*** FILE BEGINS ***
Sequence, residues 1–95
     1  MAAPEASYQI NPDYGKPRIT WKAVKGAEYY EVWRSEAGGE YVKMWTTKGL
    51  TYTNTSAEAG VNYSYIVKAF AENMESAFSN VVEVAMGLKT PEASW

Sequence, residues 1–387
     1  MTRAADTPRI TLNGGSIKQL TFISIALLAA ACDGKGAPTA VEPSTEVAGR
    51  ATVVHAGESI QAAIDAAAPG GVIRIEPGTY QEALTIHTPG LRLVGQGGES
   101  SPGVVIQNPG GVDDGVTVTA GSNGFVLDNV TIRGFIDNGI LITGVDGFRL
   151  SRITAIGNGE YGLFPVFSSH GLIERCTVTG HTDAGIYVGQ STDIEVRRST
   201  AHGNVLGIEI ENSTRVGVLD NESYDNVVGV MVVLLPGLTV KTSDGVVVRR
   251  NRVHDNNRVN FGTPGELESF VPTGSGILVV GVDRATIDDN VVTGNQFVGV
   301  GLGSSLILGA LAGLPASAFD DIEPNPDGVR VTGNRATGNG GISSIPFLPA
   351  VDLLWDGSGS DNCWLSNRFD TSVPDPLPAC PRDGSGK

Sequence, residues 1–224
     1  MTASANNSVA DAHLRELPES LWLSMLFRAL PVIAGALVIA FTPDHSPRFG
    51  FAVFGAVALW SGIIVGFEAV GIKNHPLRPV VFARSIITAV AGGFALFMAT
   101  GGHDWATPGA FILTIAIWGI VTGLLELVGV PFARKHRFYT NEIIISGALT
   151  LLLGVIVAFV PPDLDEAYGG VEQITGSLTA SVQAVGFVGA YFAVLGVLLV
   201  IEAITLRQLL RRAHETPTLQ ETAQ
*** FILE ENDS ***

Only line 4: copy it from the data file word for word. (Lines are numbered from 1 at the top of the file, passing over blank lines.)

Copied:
Sequence, residues 1–387